Once you determine that a video of the FSTs will be created, you must consider how you will fare on the Tests prior to agreeing to perform them.  As discussed above, such video can be your salvation or your demise, and there are several factors that must be considered prior to agreeing to submit to FSTs.

The National Highway Traffic Safety Administration (“NHTSA”) developed several standard FSTs, three of which are frequently used by Florida law enforcement agencies, namely the Horizontal Gaze Nystagmus (“HGN”) Test, the Walk-and-Turn Test, and the One-Leg Stand Test.  By NHTSA's own admissions, there are certain people who should not participate in these FSTs, because the chances of a skewed result are dramatically increased.  People, for example who are elderly, sick, injured, or 50 or more pounds overweight should not perform these Tests.

According to the NHTSA website, “Horizontal Gaze Nystagmus is an involuntary jerking of the eye that occurs naturally as the eyes gaze to the side. Under normal circumstances, nystagmus occurs when the eyes are rotated at high peripheral angles. However, when a person is impaired by alcohol, nystagmus is exaggerated and may occur at lesser angles.”  In application, the officer makes the suspect stand at attention, and while leaving his head fixed, follow a pen light with his eyes.  The reality of this test is, even assuming that it is accurate if performed correctly, it requires skill and training on the part of the law enforcement officer; and most conduct the HGN Test incorrectly.  Luckily, for the HGN Test to be deemed admissible in most courts, the officer conducting the test must be a certified Drug Recognition Expert (“DRE”).  Do to the exurbanite expense of the DRE classes and the significant amount of time an officer must spend away from his normal duties to complete the course requirements, there are few DREs in Florida.  Notably, even if not admissible for the purpose of proving the suspects performance on the HGN Test, a video of the test can be admitted into evidence in trial to show other evidence of guilt, such as the suspects speech pattern, admissions, or behaviors.

During the Walk-and-Turn Test, the officer makes the suspect stand with one foot directly in front of the other with her hands down at her sides, while the officer rattles off the instructions for the Test and marches back and forth in a partial demonstration.  It is rather difficult for a person to stand in this position under normal circumstances, let alone on the side of a road while nervous, embarrassed, and facing the possibility of arrest.  Then, the suspect is supposed to take nine heel-to-toe, (touching the heel of the front foot to the toe of the back foot) steps on the line, complete an unusual turn, and then take nine heel-to-toe steps back to the starting point.  All while the suspect's arms are straight down at her sides, and without stopping or stepping off of the line.  As you may have guessed, there are several “signs of impairment” that law enforcement officers generally look for, which include: cannot keep balance while listening to the instructions, begins before the instructions are finished, stops while walking to regain balance, does not touch heel-to-toe, steps off the line, uses arms to balance, makes an improper turn, or takes an incorrect number of steps.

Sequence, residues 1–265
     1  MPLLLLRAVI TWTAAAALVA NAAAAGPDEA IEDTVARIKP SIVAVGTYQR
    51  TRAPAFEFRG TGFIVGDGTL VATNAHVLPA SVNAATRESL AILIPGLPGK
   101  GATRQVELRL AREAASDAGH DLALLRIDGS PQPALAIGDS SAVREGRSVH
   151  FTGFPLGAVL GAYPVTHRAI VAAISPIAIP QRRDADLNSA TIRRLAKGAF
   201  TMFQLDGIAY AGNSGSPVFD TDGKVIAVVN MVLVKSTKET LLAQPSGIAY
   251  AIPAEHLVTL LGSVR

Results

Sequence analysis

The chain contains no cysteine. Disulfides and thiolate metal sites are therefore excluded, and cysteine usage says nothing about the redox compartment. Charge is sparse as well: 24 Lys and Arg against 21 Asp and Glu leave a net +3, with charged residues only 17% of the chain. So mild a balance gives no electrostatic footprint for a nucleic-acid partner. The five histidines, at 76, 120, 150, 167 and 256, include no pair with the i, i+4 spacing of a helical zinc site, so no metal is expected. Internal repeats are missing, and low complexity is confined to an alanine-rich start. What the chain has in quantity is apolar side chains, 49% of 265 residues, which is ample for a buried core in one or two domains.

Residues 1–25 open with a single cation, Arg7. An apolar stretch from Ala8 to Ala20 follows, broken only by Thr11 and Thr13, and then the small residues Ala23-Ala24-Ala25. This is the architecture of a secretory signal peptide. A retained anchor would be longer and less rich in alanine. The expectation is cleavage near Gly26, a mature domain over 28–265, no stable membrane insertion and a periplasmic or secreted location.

The goal of the One-Leg-Stand Test is for the suspect to raise one leg approximately six inches off of the ground, flex his toe toward the his body, and keep his hands to his sides, all while counting aloud to thirty saying “one thousand” between each number.  The “signs of impairment that law enforcement officers typically use to indicate impairment in this test are swaying while balancing, using arms to balance, hopping to maintain balance, and putting the foot down.